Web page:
Sex and relationships
“Do you have a strong sexual desire?”
This is the type of unwanted sex chat that young women are forced to navigate on dating apps, and it’s not unusual.
An anonymous woman in an Australian women’s Facebook group shared a screenshot of the first message she received from a man on the dating app Hinge.
He ditched the niceties and instead went straight into pointless conversation and offered to “slap” her.
Hinge encourages users to create message prompts to start conversations, and she shared that she’s one of those people who “forgets” to reply to people’s texts.
A man she had never spoken to came across her profile and responded to the innocent prompt by leaving a sexual message.
“For every text you forgot to reply to. That’s a kick in the ass. I wonder how red that ass of yours is going to be?” he wrote.
The young woman then took to Facebook to share her experience and asked if she was “overreacting” because she felt “unsettled” by the stranger’s unsolicited sexual message.
Many women jumped on the post to condemn this behavior and called it “rude”, assuring the woman that she has every right to feel upset. One woman encouraged her to see “the other side” and defended the message.
“He could be Dom or someone who likes that kind of game. Just say thanks but no thanks and move,” she suggested.
The screenshot the woman shared speaks to a larger issue affecting women.
Women online often share the unwanted sexual messages they receive on dating apps and create content around them.
One TikTok creator shared a message exchange she had on a dating app where a man immediately asked about her sexual appetite.
“Do you have a strong sex drive?” he asked.
“Why do you ask that before you know anything about me?” she replied.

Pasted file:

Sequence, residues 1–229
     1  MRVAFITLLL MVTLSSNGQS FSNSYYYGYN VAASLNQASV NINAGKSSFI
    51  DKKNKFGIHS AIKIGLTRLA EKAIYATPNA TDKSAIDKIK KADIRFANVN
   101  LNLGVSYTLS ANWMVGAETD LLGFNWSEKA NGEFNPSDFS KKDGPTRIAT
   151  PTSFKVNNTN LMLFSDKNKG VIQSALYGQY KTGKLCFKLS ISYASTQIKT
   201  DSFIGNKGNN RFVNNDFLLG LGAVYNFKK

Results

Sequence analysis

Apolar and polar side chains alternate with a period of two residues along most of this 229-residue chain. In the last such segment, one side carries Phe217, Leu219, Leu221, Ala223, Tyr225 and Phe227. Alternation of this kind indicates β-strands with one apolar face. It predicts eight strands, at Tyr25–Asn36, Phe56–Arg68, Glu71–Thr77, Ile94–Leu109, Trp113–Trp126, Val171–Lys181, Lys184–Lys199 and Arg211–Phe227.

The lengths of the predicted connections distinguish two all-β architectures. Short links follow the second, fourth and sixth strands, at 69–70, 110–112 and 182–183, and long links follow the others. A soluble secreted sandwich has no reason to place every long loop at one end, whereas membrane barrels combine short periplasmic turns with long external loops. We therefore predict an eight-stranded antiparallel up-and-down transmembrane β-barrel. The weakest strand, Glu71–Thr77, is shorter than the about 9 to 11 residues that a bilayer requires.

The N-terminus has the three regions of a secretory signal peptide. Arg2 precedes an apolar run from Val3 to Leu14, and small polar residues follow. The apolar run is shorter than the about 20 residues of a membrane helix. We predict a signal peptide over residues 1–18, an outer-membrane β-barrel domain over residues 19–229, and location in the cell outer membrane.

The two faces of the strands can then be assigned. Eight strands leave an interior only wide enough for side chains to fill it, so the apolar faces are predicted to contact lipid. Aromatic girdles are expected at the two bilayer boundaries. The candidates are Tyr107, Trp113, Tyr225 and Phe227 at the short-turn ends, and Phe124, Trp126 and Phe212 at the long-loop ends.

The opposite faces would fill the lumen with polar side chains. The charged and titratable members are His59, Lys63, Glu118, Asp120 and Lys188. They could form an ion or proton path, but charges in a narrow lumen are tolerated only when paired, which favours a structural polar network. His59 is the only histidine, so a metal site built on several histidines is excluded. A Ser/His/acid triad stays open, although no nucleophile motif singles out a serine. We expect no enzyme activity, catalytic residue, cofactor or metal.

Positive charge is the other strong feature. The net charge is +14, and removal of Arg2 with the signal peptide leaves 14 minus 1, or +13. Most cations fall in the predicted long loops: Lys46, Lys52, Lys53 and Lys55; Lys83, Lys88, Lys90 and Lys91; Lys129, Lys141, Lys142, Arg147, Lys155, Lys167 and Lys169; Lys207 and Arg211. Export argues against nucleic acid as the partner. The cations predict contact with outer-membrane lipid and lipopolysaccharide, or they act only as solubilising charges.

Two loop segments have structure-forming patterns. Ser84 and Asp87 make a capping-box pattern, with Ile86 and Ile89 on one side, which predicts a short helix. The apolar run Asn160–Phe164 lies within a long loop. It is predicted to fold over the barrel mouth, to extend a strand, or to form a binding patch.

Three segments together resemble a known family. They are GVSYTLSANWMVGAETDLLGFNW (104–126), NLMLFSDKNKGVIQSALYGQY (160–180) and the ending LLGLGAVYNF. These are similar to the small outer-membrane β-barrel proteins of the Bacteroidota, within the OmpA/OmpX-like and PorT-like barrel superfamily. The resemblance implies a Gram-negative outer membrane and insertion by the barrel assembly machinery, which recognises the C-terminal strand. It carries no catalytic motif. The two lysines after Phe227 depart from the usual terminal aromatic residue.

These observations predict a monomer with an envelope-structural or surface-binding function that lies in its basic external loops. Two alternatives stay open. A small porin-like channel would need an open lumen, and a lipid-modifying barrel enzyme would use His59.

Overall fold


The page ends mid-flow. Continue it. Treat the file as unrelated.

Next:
The problem is so widespread that TikTok went viral for two men who shared the worst dating app messages they could find.
This included everything from a man starting a conversation by asking a woman if she wanted to see his “cock” to a man complimenting a woman’s tattoos and breasts as a direct introduction.
Another creator shared the type of messages he receives on dating apps and explained that they are getting “progressively” worse.
She shared a bunch of screenshots of chats she had on apps, and while most of the messages quickly turned sexual, one man messaged her on a dating app and before he could even say “hi” or ask if she was into sex chat, he sent a vulgar message.
“I’m not gonna lie, I’d rip it back,” he wrote.
Why do some men do this on dating apps?
Psychologist Carly Dober said there are many “factors” behind why men send such messages.
“First, a lot of men may come to the apps with a really transactional mindset, where that’s what they want to get out of the interaction, and they’re very open about that,” she explained.
Dr. Dober also said the problem is that some men don’t understand the impact these messages have on the recipient and mistakenly think it’s OK.
According to Dr. Dober, behavior can also be influenced by broader “social norms” and the type of friends and other men they know.
Dr Dober said these sexual messages should not happen without “consent” and men should not send them.
“It’s a matter of consent when very strong sexualised images, photos or content are pushed to someone who hasn’t said they want to receive it,” she said.
Dr Dober said this behavior made women feel “pressured” or “uncomfortable” and someone should always check with the man before sending him sex.
“It’s always a good practice to talk to someone about sexual content and desires before going into it.”